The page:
Editorial

Signs of Life

In politics, a well-organized minority will defeat a disorganized majority. One need look no further than the recent rise of the radical right to see this truism borne out. What a victorious minority does with its spoils is another matter entirely. An interesting development threatens to disrupt the establishment of the Rove-Republican dynasty. The party with the best claim to the mainstream appears to be waking from its slumber, shaking off its lethargy, and organizing with a vengeance.

The 500-strong crowd of boisterous partisans who packed the senate gallery to greet the return of the 10 Democratic senators was a case in point. The period of redistricting exile did more than just twice land the Texas Legislature on Comedy Central’s “The Daily Show.” Their defiance energized many of the senators’ constituents and engendered a new activism.

In his speech to the cheering crowd, Sen. Royce West (D-Dallas) gave credit where it was due. “I want to thank Tom DeLay and Karl Rove for doing something that we couldn’t do ourselves— that is to unite this party,” he said to initial boos that became sustained applause.

It’s not just in Texas. The passion the Clinton administration wrung out of the Democratic Party seems to be returning. It comes from a growing realization that America cannot afford the revolution underway. “The reason why we fight this—and I don’t want to sound naive—but it’s because we have to,” says Wes Boyd.

Boyd is president and co-founder of MoveOn.org. The website began around the time of the Clinton administration. Its first online petition called for Republicans to simply censure Clinton and move on. There was a huge response, and it hasn’t stopped. “People do want to participate,” believes Boyd. “It is hard to get people excited about process, but Americans get it: They understand the checks and balances.”

He says the media has dumbed down politics so much they’ve convinced themselves that they are talking to idiots. Leaders see their constituents as brain dead. “There are a lot of intelligent people out there,” says Boyd.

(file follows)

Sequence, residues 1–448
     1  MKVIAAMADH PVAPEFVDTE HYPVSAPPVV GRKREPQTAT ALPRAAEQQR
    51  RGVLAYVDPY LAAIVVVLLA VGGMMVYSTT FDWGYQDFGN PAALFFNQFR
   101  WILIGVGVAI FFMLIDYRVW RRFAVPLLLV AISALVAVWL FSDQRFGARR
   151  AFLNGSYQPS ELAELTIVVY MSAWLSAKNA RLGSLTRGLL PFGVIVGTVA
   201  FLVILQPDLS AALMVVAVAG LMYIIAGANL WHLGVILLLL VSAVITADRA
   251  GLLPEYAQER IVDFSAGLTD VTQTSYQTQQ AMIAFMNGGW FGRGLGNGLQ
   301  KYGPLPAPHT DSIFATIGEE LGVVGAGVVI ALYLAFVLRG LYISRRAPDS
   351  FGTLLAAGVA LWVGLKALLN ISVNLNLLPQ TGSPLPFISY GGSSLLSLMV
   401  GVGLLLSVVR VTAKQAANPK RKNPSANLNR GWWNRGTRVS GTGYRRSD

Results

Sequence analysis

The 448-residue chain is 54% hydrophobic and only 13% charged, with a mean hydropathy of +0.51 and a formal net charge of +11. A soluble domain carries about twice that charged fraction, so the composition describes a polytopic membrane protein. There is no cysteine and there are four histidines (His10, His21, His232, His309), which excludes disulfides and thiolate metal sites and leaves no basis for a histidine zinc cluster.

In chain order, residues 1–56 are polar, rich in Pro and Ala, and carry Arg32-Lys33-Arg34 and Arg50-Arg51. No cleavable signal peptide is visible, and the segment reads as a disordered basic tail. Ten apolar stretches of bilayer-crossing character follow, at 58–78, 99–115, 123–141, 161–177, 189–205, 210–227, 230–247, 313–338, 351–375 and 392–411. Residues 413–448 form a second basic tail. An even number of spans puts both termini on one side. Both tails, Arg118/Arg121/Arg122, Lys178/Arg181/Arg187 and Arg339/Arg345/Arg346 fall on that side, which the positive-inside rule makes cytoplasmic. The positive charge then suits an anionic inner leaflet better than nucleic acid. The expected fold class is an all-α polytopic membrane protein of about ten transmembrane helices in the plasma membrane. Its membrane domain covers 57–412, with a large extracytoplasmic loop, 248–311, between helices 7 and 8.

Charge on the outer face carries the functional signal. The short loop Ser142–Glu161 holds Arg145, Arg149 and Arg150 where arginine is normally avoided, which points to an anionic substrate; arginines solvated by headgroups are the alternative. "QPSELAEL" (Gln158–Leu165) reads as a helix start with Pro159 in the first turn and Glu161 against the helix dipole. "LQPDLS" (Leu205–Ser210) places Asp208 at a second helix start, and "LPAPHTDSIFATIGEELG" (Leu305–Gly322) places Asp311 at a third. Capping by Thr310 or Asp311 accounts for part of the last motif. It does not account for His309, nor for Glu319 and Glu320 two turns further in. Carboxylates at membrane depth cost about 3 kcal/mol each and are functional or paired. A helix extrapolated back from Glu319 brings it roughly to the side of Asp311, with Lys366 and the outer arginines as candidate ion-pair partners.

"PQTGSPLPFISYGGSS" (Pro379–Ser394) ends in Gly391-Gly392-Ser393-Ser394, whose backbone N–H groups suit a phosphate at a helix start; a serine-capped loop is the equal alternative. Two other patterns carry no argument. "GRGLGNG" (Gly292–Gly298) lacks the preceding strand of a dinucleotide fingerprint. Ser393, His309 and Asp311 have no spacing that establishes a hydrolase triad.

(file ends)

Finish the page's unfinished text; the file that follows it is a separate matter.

When MoveOn.org seized on Texas congressional redistricting, it raised a million dollars in five days for an advertising campaign to connect the dots. Enough examples exist so that everyone can see the picture. The Republican leadership has shown itself more than willing to “game the system” to win power. “The new ethic seems to be whatever you can get away with,” says Boyd

It began with the Clinton impeachment. Then there was the small matter of the Florida recount. After Bush and the cabal took power, the instances multiplied. Republicans pushed through a minor congressional redistricting in Colorado. They toyed with it in Ohio. In the U.S. Senate, Republicans threatened to change filibuster rules to force the appointment of radical judges. In Texas, in addition to congressional redistricting, there is the TAB election scandal—potentially breaking the rules on campaign finance—and Prop 12—changing the constitutional separation of powers.

And of course, how can we forget the California recall. “The California recall has been on the books for 100 years but nobody has ever done it,” observes Boyd, who lives in the state. He believes dethroning the governor has failed as an option because circumventing elections appears anti-democratic.

The Bushies aren’t afraid of appearing undemocratic. Their arrogance makes any course-correction seem unlikely. Yet to a growing multitude, the radical agenda Republicans pursue with urgency is starting to smell like the acts of revolutionaries who know the counter-revolution is on the way. -JB

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Published at 12:00 am CST
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